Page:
So we know Zoi gets energy efficiency. Here’s what she wrote last year about “Embracing the Challenge to Repower America“:

Many Americans have a hard time thinking about our energy future, largely because their energy present is so challenging. With gasoline prices hovering near $4 per gallon and rising energy bills at home and at work, our economy is struggling with the burden of imported oil and reliance on fossil fuels. The need to satisfy the nation’s oil appetite has shaped our foreign and defense postures, and is a primary reason for our current entanglements overseas. Extreme weather here in the U.S. has us feeling uneasy. And the scientists remind us more urgently every week about the mounting manifestations of the climate crisis.

To solve these problems, we must repower our economy. Fast.

Vice President Gore has issued a challenge for us to do just that: Generate 100 percent of America’s electricity from truly clean sources that do not contribute to global warming — and do so within 10 years. It is an ambitious but attainable goal. American workers, businesses and families are up to it.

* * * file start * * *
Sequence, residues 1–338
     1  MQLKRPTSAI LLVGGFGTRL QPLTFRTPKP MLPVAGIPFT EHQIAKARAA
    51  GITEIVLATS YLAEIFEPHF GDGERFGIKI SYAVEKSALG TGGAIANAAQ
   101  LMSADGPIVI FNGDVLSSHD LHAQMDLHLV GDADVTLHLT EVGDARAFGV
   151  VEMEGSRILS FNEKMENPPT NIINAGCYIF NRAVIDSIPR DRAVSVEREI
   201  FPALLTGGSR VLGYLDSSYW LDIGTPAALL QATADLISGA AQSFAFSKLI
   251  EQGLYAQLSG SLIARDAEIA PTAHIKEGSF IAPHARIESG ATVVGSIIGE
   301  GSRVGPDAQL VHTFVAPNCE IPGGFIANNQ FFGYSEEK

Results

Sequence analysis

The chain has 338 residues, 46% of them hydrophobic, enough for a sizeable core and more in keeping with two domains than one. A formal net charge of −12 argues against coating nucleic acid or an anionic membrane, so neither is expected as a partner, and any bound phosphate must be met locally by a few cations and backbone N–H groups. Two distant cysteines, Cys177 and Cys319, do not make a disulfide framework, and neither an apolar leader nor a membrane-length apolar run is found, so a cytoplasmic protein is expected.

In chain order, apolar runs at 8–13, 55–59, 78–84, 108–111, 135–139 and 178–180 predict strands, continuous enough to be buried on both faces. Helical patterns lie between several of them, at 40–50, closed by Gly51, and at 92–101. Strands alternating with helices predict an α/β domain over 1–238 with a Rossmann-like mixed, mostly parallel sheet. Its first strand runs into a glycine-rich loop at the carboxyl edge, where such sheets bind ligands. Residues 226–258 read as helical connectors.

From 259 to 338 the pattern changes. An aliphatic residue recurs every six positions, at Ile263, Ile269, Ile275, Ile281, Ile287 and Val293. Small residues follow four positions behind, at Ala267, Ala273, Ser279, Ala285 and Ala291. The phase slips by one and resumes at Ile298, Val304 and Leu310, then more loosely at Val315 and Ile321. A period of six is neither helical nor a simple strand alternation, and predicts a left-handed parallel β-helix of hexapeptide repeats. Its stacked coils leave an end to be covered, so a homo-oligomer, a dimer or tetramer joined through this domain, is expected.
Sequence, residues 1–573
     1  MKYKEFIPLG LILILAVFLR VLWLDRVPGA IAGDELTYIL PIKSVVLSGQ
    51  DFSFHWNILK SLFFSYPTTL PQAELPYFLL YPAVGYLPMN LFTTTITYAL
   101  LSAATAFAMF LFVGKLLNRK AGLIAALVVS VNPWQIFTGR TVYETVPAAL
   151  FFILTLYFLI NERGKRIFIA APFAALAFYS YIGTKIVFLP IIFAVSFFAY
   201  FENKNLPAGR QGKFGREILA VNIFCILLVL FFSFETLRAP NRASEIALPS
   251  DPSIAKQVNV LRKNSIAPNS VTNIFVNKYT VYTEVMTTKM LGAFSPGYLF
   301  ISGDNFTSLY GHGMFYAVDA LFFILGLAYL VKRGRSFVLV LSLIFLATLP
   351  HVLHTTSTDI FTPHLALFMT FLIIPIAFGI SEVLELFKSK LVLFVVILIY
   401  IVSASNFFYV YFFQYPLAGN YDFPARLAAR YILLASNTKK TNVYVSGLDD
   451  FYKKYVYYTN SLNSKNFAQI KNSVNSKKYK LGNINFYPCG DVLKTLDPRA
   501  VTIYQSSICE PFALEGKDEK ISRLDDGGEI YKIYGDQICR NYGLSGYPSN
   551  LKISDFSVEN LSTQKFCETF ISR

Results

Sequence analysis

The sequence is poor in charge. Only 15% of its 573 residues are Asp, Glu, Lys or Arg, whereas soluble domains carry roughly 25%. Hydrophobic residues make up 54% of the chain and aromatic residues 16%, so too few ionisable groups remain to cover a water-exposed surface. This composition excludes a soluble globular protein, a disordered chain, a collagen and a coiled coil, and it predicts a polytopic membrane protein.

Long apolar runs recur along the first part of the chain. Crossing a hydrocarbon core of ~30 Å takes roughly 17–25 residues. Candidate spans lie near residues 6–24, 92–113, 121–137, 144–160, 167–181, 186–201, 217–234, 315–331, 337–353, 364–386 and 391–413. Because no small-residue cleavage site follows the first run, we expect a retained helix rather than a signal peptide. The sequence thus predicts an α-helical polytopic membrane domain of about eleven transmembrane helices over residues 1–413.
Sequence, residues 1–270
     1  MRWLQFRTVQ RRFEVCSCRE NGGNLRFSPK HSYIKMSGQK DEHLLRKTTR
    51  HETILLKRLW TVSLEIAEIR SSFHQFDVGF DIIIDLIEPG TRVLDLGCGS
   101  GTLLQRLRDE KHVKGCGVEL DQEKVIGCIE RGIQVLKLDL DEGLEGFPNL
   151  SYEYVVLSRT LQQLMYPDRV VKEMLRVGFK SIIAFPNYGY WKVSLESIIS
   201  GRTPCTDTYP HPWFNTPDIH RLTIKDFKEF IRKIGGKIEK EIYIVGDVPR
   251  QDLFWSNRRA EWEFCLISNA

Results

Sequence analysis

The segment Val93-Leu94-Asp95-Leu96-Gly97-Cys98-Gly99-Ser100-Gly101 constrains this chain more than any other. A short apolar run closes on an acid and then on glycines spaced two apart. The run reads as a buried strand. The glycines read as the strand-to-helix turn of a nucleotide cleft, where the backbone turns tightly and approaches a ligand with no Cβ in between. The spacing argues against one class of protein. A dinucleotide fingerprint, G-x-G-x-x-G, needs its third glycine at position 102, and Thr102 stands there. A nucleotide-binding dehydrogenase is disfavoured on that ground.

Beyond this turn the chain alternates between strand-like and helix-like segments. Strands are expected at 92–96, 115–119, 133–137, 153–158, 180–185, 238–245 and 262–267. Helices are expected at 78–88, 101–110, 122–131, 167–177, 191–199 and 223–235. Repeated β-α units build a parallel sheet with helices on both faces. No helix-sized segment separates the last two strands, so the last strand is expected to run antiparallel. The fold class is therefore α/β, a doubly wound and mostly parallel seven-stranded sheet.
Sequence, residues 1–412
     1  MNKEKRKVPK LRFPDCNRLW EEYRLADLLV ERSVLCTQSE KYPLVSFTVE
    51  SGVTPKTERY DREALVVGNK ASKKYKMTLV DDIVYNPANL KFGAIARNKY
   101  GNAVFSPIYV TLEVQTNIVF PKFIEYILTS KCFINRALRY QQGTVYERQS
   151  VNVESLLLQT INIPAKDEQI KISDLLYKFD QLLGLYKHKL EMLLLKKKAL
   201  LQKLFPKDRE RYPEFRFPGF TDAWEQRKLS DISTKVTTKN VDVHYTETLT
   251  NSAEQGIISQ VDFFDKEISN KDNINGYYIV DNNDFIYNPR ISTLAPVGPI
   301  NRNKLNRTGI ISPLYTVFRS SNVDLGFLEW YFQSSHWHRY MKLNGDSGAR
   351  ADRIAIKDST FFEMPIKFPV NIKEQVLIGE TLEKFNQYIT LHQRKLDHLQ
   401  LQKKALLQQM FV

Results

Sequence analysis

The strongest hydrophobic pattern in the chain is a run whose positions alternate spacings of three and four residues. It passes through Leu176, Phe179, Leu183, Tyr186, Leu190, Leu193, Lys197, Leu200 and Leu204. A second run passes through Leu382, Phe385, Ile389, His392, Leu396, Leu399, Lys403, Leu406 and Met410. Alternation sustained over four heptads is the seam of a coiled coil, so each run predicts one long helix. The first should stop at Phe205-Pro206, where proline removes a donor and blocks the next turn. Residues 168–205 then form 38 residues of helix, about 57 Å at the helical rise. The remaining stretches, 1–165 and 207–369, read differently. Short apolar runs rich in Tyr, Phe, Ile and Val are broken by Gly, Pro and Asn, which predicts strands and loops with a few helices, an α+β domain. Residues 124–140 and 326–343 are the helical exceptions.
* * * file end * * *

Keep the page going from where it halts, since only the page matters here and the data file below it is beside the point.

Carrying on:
Meeting the challenge to repower America will deliver the affordability, stability and confidence our economy needs, as well as a healthy environment. And it will generate millions of good American jobs that can’t be outsourced.

It will involve simultaneous work on three fronts. First, get the most out of the energy we currently produce. Second, quickly deploy the clean energy technologies that we already know can work. Third, create a new integrated electricity grid to deliver power from where it is generated to where people live.